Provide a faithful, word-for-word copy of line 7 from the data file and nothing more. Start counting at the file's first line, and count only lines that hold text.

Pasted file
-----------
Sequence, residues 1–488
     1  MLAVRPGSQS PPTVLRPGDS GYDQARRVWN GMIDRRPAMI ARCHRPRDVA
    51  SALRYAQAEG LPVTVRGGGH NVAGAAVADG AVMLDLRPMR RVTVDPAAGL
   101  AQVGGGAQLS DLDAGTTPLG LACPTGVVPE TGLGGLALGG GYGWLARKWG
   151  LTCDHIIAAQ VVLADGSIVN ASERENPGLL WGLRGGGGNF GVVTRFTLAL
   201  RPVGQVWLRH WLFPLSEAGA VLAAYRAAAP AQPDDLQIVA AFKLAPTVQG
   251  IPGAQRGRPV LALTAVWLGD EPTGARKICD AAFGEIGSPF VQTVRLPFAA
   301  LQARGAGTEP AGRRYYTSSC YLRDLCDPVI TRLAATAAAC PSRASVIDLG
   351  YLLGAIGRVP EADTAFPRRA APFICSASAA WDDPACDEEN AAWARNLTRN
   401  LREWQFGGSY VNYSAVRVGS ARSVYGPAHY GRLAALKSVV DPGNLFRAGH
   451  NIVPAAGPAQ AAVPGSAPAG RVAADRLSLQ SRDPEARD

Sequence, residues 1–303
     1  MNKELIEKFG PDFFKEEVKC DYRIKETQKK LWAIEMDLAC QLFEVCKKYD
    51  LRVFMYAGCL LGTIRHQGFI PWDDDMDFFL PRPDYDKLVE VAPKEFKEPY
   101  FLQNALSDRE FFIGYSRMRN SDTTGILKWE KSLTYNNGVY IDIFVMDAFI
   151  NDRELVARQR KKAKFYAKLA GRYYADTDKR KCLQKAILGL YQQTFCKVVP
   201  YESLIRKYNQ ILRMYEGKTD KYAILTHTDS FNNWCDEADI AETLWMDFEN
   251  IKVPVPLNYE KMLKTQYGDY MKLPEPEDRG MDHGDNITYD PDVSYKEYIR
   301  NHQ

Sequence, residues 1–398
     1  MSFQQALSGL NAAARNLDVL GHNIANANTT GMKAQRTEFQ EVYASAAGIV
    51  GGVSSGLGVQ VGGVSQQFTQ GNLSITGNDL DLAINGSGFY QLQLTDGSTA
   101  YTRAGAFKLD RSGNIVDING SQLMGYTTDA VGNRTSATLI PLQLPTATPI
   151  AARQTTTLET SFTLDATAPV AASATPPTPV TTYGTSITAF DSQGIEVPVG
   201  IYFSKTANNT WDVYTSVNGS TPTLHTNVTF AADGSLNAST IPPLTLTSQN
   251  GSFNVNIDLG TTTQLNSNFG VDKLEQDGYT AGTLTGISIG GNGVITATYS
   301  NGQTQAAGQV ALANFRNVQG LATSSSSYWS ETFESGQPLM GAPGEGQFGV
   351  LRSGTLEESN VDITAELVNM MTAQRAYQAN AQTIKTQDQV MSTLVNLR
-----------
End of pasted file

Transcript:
   251  IPGAQRGRPV LALTAVWLGD EPTGARKICD AAFGEIGSPF VQTVRLPFAA